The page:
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Handcrafted Heritage

Shaun Tolson

If you’re familiar with Joel Oppenheimer’s gallery of natural history art in Chicago, you likely would expect a similar environment and shopping experience at its sister establishment, the Audubon Gallery (www.audubonart.com) in Charleston, S.C. In some respects, that’s what you’ll find; but the Charleston storefront differs in a handful of ways. Director Burton Moore has outfitted the gallery with significant examples of contemporary and antique sporting art—everything from etchings and paintings to hand-carved wooden hunting decoys. When Moore was growing up, his father worked as a professional sporting artist and amassed a noteworthy collection of antique hunting decoys. Moore’s upbringing led him to integrate similar works of art into his gallery. “I’ve added my own lifestyle to this store,” he says. “I love to hunt and fish and bird-watch, so I’ve taken all of that and put it into one store.”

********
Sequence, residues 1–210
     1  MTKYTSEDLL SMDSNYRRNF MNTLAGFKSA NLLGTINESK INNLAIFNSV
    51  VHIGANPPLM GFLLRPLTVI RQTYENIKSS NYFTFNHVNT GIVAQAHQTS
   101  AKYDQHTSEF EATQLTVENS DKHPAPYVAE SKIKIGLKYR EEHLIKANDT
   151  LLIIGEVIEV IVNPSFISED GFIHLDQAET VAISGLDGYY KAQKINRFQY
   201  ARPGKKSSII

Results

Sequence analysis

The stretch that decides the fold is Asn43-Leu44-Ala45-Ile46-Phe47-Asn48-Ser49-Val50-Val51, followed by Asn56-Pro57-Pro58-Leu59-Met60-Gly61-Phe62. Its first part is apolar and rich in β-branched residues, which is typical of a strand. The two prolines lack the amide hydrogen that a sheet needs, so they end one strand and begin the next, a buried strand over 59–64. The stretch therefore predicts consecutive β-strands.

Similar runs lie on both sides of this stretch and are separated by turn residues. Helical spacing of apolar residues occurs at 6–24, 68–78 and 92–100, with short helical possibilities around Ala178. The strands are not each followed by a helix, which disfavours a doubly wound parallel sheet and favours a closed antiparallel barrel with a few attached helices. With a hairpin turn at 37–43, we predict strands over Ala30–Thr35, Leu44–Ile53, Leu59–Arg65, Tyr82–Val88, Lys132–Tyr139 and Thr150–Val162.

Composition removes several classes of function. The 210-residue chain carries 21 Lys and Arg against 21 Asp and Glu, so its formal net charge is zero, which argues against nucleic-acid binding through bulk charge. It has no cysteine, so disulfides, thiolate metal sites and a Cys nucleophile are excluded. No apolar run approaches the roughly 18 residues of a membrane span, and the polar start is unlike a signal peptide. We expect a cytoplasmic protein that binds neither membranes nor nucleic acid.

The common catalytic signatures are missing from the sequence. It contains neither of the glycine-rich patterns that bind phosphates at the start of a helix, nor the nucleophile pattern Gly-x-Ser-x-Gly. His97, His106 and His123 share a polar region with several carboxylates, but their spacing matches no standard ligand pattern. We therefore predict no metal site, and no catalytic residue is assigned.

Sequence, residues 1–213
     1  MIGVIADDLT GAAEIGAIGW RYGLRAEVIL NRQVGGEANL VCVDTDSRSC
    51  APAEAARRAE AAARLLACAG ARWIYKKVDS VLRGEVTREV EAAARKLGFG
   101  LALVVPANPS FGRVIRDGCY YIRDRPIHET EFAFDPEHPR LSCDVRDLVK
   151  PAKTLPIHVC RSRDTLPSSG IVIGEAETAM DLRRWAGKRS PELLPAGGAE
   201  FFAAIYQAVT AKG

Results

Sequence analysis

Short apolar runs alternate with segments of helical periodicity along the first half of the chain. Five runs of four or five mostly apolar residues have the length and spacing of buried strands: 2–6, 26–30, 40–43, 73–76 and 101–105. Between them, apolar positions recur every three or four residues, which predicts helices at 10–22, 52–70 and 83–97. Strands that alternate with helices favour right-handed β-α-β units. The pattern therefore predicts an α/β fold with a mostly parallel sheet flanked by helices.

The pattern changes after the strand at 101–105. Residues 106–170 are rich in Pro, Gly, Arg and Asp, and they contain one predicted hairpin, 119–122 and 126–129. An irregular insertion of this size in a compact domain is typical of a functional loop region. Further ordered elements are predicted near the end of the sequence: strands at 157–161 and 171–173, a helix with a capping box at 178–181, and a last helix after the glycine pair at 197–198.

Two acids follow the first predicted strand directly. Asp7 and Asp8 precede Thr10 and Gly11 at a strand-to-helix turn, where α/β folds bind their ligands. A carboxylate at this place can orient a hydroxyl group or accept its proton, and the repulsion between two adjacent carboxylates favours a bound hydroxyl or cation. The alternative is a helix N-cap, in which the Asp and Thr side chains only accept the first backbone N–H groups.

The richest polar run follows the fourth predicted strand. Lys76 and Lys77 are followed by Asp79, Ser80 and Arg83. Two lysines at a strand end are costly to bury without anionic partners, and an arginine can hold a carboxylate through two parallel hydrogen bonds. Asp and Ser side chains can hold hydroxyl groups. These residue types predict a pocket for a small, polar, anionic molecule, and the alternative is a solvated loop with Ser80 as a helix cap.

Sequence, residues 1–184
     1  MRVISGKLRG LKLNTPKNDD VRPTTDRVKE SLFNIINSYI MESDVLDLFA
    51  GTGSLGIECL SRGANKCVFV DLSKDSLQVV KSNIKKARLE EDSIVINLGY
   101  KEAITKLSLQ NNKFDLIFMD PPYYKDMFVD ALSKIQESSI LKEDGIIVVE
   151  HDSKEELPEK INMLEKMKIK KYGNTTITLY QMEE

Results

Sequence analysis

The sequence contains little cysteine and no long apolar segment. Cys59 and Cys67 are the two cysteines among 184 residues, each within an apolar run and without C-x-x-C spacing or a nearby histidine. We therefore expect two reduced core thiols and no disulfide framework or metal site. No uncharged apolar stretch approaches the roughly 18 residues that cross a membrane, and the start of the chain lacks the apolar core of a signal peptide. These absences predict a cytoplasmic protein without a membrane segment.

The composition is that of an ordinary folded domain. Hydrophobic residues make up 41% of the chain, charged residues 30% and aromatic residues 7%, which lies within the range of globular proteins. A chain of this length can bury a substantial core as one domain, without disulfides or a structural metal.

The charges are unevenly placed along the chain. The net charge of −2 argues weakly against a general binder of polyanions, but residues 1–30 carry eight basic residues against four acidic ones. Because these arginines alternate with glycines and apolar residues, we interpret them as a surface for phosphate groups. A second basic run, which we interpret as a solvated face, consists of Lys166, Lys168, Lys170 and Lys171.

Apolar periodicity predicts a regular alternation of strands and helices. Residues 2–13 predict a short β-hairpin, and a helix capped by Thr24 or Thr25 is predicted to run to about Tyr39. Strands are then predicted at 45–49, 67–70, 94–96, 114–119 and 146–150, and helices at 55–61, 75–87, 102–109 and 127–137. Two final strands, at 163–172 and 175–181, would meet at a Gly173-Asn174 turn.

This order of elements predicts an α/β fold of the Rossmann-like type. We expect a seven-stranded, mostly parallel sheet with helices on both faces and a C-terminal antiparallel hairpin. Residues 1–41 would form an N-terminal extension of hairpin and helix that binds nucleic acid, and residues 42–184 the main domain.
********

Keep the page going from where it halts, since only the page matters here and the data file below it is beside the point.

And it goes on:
Beyond the subject matter, it’s the method of production that guides Moore when determining which new products to introduce. “My focus here is that things be handmade,” he says. “If it’s a print, I want it to be an engraving or etching or a painting done by hand. None of my carvers use power tools or Dremel sets; they’re all working with traditional woodworking tools.” When it comes to the hand-carved decoys for sale in Moore’s shop, most range from several hundred dollars up to $10,000, though Moore acknowledges that there are plenty of antique decoys out there that are even more valuable. “Several of my carvers are making decoys that you could throw out in a marsh and hunt over, but most will end up right on the mantel,” he says. “Not too many people would want to throw a $5,000 wooden decoy in the water and start shooting over it.”

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Courtesy of Shakespeare and Company - Paul Foster Books - the NY Antiquarian Book Fair
Photo courtesy of Klein Sun Gallery, New York; Li Hongbo